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When Hilary Swank considers the trajectory of her career in the two decades since her Oscar-winning performance in Boys Don’t Cry — as transgender man Brandon Teena, who was raped and murdered by two friends in small-town Nebraska in 1993 — she thinks about how the 1999 film changed the way she’s chosen roles.
“I play a lot of real people because I am drawn to these stories of people who have really persevered or people who are living their life unapologetically. Those are the type of people who inspire me,” Swank says. “Yet there is a lot of them in the end who die. So, there is a certain amount of hardship and heartbreak that comes with that. Your heart never completely mends the same. You always carry these people and their beautiful spirits within your heart. They are all a piece of me. I think I am a better person because of it.”
And in the case of the indie drama — which grossed just $15 million on a shoestring budget of less than $2 million, but has been hotly debated since its release — the actress notes, “it’s such an important story for people to know. It’s important that as long as hate crimes continue to happen, these stories continue to be told.”
The film marked the feature directorial debut of Kimberly Peirce, who first learned about Brandon Teena — born Teena Brandon — when she was in graduate film school at Columbia University. “I had various jobs, projecting 35mm movies and working the midnight shift at law firms,” Peirce says. “My best friend, Huong Duong, handed me the Village Voice article [on Brandon] at four in the morning.”
Peirce says she was devoted to the story from the moment she read about Brandon, who was murdered on New Year’s Day 1993 by John Lotter (portrayed by Pete Sarsgaard) and Tom Nissen (Brendan Sexton III). “It changed my life,” recalls the director. “It was as if I had adopted this person. I knew that night I had to tell the story and tell it in a way that dignified Brandon Teena and his journey to live the life he needed and wanted to live. I knew immediately it was about getting inside of that.”
Growing up in Florida, Peirce says she didn’t have as much of an awareness for the LGBTQ community. “I found out that there were gay men, but still didn’t think there was such a thing as a gay woman. I heard the word ‘lesbian’ once growing up in references to [tennis great] Martina Navratilova. When I got to college, there were no gay or trans students. When I got to New York, I discovered gay culture, the gay scene, but I did not see gay, queer or trans people represented in the mainstream.”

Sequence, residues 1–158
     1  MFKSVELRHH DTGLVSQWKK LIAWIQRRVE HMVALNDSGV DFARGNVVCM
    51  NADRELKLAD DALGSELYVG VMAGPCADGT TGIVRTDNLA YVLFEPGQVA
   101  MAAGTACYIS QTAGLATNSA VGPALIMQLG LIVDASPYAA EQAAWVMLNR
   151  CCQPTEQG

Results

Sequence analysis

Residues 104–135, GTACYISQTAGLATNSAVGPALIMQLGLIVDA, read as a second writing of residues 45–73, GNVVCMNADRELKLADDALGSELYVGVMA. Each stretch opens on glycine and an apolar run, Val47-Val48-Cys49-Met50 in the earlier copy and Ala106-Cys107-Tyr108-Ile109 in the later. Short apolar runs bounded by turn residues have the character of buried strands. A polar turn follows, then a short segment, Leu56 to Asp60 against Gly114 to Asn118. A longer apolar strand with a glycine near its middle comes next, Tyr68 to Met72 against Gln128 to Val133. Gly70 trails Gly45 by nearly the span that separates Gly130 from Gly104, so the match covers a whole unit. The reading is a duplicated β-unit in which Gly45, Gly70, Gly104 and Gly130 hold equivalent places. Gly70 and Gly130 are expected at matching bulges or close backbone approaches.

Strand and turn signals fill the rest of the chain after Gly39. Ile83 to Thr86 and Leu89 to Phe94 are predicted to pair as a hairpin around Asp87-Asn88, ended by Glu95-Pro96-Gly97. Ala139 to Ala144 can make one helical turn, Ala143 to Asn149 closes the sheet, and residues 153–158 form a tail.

Nevertheless, Brandon’s story resonated with her. “I loved his amazing journey outside of his own hometown of Lincoln to a smaller town, Falls City, and [how he] met this group of people who both welcomed him and loved him,” Peirce says. “I have been open about this for a few years now: I’m a survivor of physical and sexual abuse, as most women are. So, I have seen and experienced a number of things. By the time I made Boys I had done 15 years of therapy, rape and incest workshops, Betty Ford Family Program, the Caron Foundation.”
“It’s very sad to say and profoundly unfair, but most women have been harassed or abused,” Peirce adds.
During her research on Brandon, Peirce discovered a group of trans people, artists, academics and activists. Peirce traveled with members of Transsexual Menace — a group of self-identified trans activists comprising Riki Anne Wilchins, Kate Bornstein, Nancy Nangeroni, Tony Barreto-Neto — in June 1994 to Lincoln and Falls City, where she attended the murder trial of Lotter and Nissen and interviewed Brandon’s girlfriend Lana Tisdel (portrayed by Chloe Sevigny, who was nominated for an Oscar alongside Swank), who was also Lotter’s ex-girlfriend, along with other people from Falls City and Lincoln who knew Brandon.
In 1995, she made a short film about the case for her thesis project. That’s when producer Christine Vachon of Killer Films entered the picture. She had read a few news stories about Brandon’s murder. “Then Rose Troche, who we had just done or were in the process of doing Go Fish with, told me that a friend of hers was working on a movie for her Columbia film school thesis project about the character,” says Vachon.
“This film was at the DuArt film lab because she didn’t have the money to pay to get it out,” remembers Vachon. “So, I paid to get it out.”
It was well worth whatever she paid. “Listening to Kimberly talk about Brandon and her passion for what had happened to him, I think it’s what made me feel like that was something worth doing. The combination of the film and Kimberly’s ability to articulate her vision effectively put me and my partner Pam Koffler over the edge,” Vachon says.
Peirce began working on the script with Andy Bienen. “The script just got stronger and stronger,” recalls Vachon. “We had this really terrific script and we hooked up with a company called Hart Sharp, which was John Hart and Jeffrey Sharp. They had a movie they were going to do that fell apart for whatever reason, and we were able to convince them to instead use that money for Boys Don’t Cry.“
The process of writing the script was difficult, says Peirce, “but once I understood that Brandon’s need was to get love and that he was fashioning himself in a way that he needed to fashion himself in order to get that love that he wanted in the way that he wanted, then it all started to make sense.”
Peirce looked for her Brandon for three years before Swank was cast. She auditioned people who self-identified by “some of the following terms: trans men, butches, genderqueers, drag kings and others.”
Notes Peirce: “It’s important that people realize that I always assumed that I would cast a queer or trans person. It never occurred to me that a straight person would play the role.”
Sevigny and Lecy Goranson — who plays Candace, the fictionalized version of Lisa Lambert, a young mother who befriended Brandon and was shot to death the same night — both auditioned for the role of Brandon. “At the end of the audition,” recalls Sevigny, “Kimberly was like, ‘Have you ever wanted to be a boy?’ I said no. That’s when she said, ‘Why don’t you come back and read for Lana.’ So I did.”